The most commonly asked question about Cuba is “when”, as in “when will the government change?” or “when will Castro fall?” and that’s anybody’s guess. But one equally important question – which not many people have taken the time to come up with an answer – is “what will happen next?” Yet, while it is hard to determine when or in which way will the Cuban transition happen –and is it already happening?– one thing we can do is prepare to answer the questions of how to reunite and reconcile the Cuban nation when the time comes.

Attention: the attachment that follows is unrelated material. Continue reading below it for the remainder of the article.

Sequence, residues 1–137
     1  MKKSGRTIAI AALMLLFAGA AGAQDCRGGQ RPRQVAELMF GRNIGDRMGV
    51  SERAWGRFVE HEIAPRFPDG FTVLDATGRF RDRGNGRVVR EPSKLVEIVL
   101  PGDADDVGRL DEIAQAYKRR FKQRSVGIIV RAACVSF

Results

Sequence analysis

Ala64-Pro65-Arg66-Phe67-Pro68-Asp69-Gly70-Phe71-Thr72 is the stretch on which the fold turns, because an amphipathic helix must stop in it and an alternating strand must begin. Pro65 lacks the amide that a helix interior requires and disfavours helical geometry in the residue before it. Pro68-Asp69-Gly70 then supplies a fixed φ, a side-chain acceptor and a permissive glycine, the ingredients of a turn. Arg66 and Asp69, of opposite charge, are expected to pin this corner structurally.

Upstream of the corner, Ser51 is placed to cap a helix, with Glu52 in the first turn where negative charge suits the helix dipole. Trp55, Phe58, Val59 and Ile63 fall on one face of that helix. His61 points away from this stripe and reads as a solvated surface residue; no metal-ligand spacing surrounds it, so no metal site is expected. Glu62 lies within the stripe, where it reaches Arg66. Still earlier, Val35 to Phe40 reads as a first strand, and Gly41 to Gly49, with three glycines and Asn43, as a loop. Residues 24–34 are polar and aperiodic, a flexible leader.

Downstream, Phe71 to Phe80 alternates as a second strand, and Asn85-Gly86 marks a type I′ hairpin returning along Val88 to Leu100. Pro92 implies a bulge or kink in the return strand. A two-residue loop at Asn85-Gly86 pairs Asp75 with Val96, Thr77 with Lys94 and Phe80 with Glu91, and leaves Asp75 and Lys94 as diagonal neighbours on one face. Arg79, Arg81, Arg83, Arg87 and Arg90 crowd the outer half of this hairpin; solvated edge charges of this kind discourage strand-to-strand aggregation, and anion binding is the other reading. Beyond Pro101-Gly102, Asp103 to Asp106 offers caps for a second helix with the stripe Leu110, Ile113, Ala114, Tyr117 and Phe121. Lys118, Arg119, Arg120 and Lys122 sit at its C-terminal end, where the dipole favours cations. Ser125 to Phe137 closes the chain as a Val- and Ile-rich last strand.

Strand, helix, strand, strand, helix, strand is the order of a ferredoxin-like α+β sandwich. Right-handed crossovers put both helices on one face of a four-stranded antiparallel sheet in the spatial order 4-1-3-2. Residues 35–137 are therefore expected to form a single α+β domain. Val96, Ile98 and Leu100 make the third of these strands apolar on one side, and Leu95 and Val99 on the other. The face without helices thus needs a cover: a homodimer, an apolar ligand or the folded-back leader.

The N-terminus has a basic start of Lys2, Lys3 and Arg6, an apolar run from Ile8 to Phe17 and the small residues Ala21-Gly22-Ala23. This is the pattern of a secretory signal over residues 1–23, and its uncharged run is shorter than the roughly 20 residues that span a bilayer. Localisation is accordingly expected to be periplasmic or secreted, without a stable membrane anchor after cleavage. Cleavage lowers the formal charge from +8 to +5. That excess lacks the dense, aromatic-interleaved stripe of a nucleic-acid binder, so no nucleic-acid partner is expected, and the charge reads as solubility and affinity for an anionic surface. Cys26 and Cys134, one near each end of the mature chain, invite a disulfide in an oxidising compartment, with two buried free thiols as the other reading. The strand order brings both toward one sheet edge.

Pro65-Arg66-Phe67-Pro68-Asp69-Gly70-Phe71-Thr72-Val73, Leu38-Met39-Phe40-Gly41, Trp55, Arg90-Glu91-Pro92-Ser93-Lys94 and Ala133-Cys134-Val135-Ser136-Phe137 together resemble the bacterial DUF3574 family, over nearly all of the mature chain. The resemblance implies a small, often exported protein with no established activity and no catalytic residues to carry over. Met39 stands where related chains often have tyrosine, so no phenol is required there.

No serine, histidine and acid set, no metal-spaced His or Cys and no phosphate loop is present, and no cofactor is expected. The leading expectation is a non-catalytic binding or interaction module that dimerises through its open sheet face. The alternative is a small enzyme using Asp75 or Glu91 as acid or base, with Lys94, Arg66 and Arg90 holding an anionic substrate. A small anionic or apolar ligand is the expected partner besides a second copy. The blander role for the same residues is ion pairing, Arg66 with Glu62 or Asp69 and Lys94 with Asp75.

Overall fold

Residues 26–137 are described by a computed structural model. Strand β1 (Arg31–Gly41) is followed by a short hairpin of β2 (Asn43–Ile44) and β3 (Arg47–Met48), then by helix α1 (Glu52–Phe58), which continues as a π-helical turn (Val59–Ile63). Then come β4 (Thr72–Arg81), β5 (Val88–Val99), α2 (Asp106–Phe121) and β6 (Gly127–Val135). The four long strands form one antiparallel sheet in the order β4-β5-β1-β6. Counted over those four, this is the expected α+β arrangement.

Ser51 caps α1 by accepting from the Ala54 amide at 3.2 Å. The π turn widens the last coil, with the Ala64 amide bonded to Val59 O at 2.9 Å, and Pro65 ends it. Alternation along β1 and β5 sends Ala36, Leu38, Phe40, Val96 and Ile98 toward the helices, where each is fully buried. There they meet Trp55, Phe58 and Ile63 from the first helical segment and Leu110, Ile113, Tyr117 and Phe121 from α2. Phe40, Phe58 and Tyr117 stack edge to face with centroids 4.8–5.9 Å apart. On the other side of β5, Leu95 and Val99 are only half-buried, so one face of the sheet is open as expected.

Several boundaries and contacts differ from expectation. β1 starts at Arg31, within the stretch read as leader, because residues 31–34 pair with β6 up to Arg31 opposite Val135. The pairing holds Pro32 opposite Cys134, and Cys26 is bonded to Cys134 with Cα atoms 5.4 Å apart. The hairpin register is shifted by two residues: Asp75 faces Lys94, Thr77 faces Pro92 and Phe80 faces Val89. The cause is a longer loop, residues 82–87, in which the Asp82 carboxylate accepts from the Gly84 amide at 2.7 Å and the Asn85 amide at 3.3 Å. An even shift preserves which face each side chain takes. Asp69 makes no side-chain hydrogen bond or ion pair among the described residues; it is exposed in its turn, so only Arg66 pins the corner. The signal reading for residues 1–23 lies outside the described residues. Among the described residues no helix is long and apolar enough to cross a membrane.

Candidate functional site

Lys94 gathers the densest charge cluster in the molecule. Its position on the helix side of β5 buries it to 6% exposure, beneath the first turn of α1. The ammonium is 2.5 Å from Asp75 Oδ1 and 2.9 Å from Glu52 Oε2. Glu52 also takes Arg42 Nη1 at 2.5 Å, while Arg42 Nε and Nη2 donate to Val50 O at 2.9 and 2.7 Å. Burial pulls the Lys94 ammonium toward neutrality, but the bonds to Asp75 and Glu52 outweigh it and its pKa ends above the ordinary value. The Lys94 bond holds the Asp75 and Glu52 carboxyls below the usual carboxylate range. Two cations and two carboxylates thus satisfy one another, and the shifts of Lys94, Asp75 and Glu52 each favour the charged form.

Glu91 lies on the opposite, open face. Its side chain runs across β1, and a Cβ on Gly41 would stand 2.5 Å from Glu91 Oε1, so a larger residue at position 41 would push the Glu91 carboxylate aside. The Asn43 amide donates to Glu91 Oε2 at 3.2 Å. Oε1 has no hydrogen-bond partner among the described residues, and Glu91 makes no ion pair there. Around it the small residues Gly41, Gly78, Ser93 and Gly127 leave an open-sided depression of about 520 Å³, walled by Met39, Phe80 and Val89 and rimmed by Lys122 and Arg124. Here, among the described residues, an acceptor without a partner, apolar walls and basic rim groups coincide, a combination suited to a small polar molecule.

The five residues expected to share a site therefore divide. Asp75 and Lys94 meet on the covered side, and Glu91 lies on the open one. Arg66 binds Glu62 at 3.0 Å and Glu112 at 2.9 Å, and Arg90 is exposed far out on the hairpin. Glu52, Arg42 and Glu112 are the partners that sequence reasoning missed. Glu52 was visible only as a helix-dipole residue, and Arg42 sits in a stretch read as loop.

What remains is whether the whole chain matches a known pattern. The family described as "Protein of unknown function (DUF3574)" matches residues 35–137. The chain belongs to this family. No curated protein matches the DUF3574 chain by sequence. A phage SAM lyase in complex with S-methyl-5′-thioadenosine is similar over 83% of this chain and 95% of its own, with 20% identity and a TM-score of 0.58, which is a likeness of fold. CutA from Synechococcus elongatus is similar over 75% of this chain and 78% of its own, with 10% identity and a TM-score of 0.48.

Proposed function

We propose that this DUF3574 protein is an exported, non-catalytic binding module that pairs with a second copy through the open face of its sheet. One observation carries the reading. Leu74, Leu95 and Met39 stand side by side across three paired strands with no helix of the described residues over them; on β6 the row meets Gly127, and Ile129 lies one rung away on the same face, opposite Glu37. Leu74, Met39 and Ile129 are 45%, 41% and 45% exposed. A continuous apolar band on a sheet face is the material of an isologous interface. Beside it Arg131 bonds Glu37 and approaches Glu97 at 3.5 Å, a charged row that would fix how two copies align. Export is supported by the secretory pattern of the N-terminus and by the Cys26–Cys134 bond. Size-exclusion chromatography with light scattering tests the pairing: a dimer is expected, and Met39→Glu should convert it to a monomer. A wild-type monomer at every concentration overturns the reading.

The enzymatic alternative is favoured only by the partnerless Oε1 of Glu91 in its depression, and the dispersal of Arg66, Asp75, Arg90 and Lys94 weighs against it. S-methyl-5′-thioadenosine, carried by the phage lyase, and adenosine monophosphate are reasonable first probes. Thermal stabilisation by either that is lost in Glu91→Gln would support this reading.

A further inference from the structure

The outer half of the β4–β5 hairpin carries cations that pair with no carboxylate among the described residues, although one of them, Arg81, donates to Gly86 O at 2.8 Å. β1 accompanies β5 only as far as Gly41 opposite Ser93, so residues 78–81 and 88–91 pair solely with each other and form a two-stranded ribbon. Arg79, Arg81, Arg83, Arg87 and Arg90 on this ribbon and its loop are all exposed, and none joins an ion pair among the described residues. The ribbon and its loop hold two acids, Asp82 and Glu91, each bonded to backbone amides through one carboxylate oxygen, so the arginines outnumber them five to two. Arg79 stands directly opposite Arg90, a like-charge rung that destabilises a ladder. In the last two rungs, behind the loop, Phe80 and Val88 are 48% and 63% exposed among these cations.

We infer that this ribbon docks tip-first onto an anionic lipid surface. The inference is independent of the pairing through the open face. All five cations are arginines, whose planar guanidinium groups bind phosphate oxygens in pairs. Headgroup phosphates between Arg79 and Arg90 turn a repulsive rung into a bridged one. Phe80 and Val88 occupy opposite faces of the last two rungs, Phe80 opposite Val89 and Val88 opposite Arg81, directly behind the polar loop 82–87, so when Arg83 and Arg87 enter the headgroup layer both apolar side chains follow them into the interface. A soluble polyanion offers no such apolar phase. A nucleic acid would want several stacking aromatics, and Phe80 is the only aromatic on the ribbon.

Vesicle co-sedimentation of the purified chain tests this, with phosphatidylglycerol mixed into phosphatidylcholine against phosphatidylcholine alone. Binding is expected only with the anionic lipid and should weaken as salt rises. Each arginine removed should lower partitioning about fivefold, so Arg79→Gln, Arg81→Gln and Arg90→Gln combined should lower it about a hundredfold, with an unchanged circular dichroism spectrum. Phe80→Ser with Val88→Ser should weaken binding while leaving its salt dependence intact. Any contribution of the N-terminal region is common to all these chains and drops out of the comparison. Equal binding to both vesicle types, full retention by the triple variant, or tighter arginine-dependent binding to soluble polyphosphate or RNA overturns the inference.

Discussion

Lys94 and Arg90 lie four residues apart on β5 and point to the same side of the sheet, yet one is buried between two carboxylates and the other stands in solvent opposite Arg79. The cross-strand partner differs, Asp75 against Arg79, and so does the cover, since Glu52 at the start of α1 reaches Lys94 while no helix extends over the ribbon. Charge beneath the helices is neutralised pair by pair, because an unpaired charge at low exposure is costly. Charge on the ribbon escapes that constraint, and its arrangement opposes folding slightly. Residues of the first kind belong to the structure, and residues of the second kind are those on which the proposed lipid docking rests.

I think the Cuba Study Group’s recently-announced Reconciliation Project is an important step towards this goal. I had the pleasure to attend the conference where the project was launched, and to listen to the speakers talk from their own experiences about the successes and the hard road of reconciliation in countries such as South Africa and Ireland. There is much we can learn from them. I will be writing soon and in more detail about my impressions of the conference (I also recommend reading the transcripts and watching the videos of the presentations, especially those of South African Ambassador Ebrahim Rasool and Irish MP Pat Doherty) but if there was an overarching lesson in my opinion, it was this: reconciliation must be a restorative process, not a punitive one, and it only works when both sides feel they can trust and count on the best faith efforts of the other side. It is a long and difficult process, but as I looked at a room filled with legitimate and serious representatives of the diversity of opinion of the Cuban diaspora, I couldn’t help but feel hopeful that there is a will and there will be a way to accomplish it.